Extreme weather is harming our brain health, scientists say

Extreme weather can harm brain health and make several neurological conditions worse, researchers have found.

There is a concerning correlation between environmental changes and neurological health, researchers from University College London wrote in The Lancet Neurology after reviewing hundreds of studies spanning over half a century.

They analysed the impact of extreme weather on 19 nervous system conditions, including stroke, Alzheimer’s, meningitis, epilepsy and multiple sclerosis. They also looked at serious but common psychiatric disorders such as anxiety, depression and schizophrenia.

The researchers found “clear evidence for an impact of the climate on some brain conditions, especially stroke and infections of the nervous system”.

“The climatic variation that was shown to have an effect on brain diseases included extremes of temperature, both low and high, and greater temperature variation throughout the course of day, especially when these measures were seasonally unusual,” Professor Sanjay Sisodiya, director of genomics at University College London’s epilepsy society, said.

Dr Sisodiya said nighttime temperatures may be “particularly important” as hotter nights can disrupt sleep. As heatwaves become more frequent and longer, billions of people around the world are sleeping through higher than normal temperatures.

The researchers noted an increase in hospital admissions, disability or mortality from stroke in higher ambient temperatures or heatwaves.

Studying and understanding how extreme heat affects our health has become urgent as rising temperatures shatter records around the world.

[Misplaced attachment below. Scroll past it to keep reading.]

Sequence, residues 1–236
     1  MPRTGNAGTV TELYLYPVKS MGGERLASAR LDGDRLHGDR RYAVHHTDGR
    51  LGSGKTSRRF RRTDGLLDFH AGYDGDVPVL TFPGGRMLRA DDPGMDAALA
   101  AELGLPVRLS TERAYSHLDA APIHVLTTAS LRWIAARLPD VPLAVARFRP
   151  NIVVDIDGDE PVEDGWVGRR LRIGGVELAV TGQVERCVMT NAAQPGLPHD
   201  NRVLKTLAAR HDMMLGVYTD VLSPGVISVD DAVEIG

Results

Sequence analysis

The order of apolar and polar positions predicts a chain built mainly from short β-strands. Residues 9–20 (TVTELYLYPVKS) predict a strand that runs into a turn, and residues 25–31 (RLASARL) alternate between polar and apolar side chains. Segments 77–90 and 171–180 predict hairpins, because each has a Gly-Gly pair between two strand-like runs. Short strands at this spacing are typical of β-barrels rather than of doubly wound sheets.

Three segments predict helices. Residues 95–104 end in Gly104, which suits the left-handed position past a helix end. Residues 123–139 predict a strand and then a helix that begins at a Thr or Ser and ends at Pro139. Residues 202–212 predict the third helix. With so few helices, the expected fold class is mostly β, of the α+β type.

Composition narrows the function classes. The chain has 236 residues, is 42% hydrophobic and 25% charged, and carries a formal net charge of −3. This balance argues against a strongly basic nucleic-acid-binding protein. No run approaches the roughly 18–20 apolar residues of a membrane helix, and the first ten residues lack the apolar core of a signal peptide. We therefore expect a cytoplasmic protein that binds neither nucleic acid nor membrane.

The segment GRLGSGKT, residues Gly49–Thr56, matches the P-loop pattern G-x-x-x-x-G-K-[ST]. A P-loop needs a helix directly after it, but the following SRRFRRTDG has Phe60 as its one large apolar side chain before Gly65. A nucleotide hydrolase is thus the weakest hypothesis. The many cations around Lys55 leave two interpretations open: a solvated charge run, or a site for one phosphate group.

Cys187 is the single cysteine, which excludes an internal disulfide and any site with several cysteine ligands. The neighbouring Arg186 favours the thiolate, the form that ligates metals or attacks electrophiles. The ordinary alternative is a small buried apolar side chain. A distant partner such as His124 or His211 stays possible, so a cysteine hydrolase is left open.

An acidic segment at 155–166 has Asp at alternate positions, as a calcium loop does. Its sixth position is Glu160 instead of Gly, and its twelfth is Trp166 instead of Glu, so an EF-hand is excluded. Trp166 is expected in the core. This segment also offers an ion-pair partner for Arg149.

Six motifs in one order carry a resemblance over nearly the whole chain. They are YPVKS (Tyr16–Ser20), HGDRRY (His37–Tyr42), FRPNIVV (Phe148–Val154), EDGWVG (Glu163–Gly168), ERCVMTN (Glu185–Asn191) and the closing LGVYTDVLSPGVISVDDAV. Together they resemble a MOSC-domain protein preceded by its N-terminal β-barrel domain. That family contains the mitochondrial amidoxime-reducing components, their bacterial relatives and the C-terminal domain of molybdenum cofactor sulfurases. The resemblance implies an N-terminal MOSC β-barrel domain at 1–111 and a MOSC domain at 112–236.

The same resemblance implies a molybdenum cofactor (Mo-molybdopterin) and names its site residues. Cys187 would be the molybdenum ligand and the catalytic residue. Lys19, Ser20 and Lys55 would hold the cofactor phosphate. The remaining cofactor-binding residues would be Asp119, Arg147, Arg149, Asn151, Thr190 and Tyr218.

In the past few weeks, Asia has been gripped by heatwaves that scientists have now attributed to the climate crisis.

This April was the hottest on record. A study found that 2023 was the hottest year ever and last summer was the hottest in 2,000 years.

Studies have shown that the body’s temperature needs to drop slightly for a person to fall asleep.

“Poor sleep is known to aggravate a number of brain conditions,” Dr Sisodiya said.

The impact extends beyond the realm of sleep.

The researchers found that people with dementia are at risk of more harm from extreme temperatures, both hot and cold, as cognitive impairment can limit their ability to adapt behaviour to environmental changes.

"Reduced awareness of risk is combined with a diminished capacity to seek help or to mitigate potential harm, such as by drinking more in hot weather or by adjusting clothing,” Dr Sisodiya said.

“This susceptibility is compounded by frailty, multimorbidity, and psychotropic medications.”

The researchers warned that greater temperature variation and heatwaves can lead to increased hospital admissions and deaths related to dementia.

They also said that the additional burden of climate anxiety can make things especially harder for people with existing anxiety and similar conditions. This can make it tricky to deal with the effects of the climate crisis and the changes we need to make to stay healthy.

As more people are exposed to extreme climate, the researchers said, many of the existing studies may be insufficient to fully understand the impact on brain health. They called for more studies taking current and future climate into account.

“This work is taking place against a worrying worsening of climatic conditions and it will need to remain agile and dynamic if it is to generate information that is of use to both individuals and organisations,” Dr Sisodia said.